HUNTSVILLE, Ala. (WHNT) – Huntsville songwriter Jim McBride grew up in the Dallas Mill neighborhood where he loved listening to the radio. We sat down at the Tangled String Studio at Lowe Mill where Jim told me, “I had all these songs in my head.” He put those thoughts down on paper. “I wrote my first song when I was 12,” he said, “And I didn’t write another one until I was 18.”

Jim didn’t play an instrument, so he’d go to Fire Station Number 2 where one of the firefighters was also a guitar picker. Jim would sing while his friend played the melody. He recorded the songs and took those tapes to Nashville where he pitched them to legendary songwriter, Curly Putman.

“That was kind of scary, but I just had to do it,” Jim recalled, “And Curley said, if you’ll let me be honest with you, I think I can help you. I think he saw something there. Sometimes I came home feeling good and sometimes I came home not feeling so good.”

His first hit was in 1980. “I’d written a song with Roger Murrah from over in Athens,” he said, “Roger was already in Nashville, and we wrote a song that Conway Twitty recorded, and it went to like number 2 at the end of 1980.”

Jim saw that as a sign and moved to the Music City. “I had a publishing deal when I moved up there thank goodness. So, I didn’t have to wait tables or anything like that,” he told me. 

His focus was on writing songs. One of them was “Bet Your Heart on Me.” Johnny Lee recorded it my first year and it was number one,” Jim said proudly. “And I thought, this is easy. I should have been here a long time ago,” he said with a smile, “I didn’t have another big hit for six years.”

Alabama recorded one of his songs, “Dixie Boy” on its “The Closer You Get” album in 1983. “Yeah, it was just about my life growing up and they say you can’t write inside songs, but people associate,” Jim said, “The boys from Fort Payne associated with that song.”

I remember listening to that song over and over. It was always one of my personal favorites. And to be honest, I was a little disappointed that RCA didn’t release it as a single. Now, I know why. “Well,” Jim said with a huge grin, “There was another little song on that album called Dixieland Delight.”

He added, “Yeah, that song did so well. But you know that album sold 5 million and I wrote it by myself so, that’s like having a single. I was okay with it.”

Country music was changing. “I had songs on 14 albums and couldn’t get a single because if you listen through those albums my song was probably the most country song on there,” Jim told me. But he stayed true to his country roots. “Randy Travis kinda kicked the door open and Waylon. We had his last number one in 87 so things started picking up long about that time,” Jim said.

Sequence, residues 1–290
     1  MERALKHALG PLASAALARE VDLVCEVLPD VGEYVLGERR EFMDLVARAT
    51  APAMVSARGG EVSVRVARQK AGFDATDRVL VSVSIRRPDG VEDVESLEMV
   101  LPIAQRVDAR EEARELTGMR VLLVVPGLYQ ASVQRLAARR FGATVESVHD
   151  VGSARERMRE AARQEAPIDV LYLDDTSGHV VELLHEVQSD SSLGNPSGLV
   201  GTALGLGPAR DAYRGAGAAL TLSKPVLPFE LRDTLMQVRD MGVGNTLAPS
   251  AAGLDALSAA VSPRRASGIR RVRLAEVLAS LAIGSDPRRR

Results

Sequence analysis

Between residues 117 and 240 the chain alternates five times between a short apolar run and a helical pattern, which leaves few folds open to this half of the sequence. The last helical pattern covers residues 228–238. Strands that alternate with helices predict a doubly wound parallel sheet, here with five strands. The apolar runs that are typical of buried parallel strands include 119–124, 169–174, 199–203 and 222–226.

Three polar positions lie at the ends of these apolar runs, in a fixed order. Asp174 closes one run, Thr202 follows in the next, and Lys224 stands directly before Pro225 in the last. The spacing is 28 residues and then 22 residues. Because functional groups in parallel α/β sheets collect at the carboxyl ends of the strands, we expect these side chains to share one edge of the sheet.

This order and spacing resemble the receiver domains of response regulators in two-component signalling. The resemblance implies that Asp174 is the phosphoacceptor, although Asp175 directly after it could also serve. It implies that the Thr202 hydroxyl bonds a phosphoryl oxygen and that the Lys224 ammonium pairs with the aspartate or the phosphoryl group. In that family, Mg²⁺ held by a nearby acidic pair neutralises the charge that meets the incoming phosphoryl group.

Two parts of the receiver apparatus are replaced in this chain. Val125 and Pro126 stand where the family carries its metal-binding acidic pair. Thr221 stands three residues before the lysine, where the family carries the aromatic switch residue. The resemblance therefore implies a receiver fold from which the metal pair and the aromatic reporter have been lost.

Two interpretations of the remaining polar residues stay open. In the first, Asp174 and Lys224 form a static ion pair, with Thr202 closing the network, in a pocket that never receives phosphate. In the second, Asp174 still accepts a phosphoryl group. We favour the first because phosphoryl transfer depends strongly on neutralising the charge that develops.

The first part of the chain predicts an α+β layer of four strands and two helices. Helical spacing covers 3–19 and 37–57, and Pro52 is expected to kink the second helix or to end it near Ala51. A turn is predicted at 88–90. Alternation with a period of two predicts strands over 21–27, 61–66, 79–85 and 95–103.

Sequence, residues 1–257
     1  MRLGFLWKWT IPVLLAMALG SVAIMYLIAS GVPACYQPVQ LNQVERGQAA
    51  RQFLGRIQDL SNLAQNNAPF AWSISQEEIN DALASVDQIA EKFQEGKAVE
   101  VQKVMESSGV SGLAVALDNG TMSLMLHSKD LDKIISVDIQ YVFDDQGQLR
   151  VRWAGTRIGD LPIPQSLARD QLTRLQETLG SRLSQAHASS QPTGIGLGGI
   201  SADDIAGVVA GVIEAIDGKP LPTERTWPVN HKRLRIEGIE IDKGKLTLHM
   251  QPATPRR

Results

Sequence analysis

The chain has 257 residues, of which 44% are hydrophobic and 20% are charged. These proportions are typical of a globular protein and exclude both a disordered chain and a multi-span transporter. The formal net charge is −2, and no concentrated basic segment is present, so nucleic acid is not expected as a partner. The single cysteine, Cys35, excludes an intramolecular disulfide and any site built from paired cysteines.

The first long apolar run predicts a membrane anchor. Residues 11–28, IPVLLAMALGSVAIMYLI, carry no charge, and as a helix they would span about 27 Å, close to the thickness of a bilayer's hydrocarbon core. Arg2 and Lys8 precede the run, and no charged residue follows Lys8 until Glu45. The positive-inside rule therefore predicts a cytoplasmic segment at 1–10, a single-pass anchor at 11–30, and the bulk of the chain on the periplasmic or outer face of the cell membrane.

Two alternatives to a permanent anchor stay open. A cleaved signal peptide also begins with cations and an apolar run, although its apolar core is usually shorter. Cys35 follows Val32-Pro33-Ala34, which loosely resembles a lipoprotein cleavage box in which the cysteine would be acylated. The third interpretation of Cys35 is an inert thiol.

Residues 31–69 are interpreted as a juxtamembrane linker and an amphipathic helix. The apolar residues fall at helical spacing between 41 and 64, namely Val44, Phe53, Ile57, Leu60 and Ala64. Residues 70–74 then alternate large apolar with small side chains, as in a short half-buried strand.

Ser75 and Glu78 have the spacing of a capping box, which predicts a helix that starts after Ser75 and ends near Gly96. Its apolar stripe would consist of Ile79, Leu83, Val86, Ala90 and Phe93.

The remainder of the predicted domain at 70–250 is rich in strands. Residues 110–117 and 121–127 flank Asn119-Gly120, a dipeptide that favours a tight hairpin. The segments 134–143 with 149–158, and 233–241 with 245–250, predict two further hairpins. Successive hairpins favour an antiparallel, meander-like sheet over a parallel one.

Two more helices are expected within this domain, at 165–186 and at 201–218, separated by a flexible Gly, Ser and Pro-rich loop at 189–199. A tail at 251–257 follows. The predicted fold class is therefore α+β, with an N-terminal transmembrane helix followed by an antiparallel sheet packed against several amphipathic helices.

That’s about the time Jim saw a new face at the office. “I thought who is this guy?” he told me, “He looks like he might be a star. But I don’t know anything about him.” That guy was Alan Jackson who later called Jim. “He said will you write with me? And I said yeah, let’s get together,” Jim recalled, “So, we got together and hit it off just like that. It was like writing with myself really.” The two just clicked.

Two southern boys who liked the same music. Jim and Alan had four number-one songs. The first one, “Chasin’ That Neon Rainbow.” That was just the beginning. “Chattahoochee was the biggest hit either one of us will ever have,” Jim said. It was the Country Music Association’s “Song of the Year” in 1994. It was Jim’s first CMA award. “First and only one,” he said with a laugh.

30 years later, people still want to know, what is a Hoochie Coochie? “Alan got tired of everyone asking him. He told everybody to call me, and they did,” he said with a chuckle, “When the county fair would come to town, there was always a side show with the hoochie coochie girls. So that’s what I was thinking. And the deal was if you were a young man, you’d try to get in there before you were 18.” So now we know, it’s dancing ladies at the state fair. “Yes. They’ll show you a little bit but you’re going to have to pay if you see anymore,” he said laughing.

In 1995, the Alabama Music Hall of Fame gave Jim its Creators Award. His first guitar and gold record from Chattahoochee are already on display there.  But being inducted into the Hall of Fame is the hit of his career. ”Alabama is my home state and I love it. And to be honored by your home state, that’s really big,” he said proudly, “So, I’m put that up there right now.”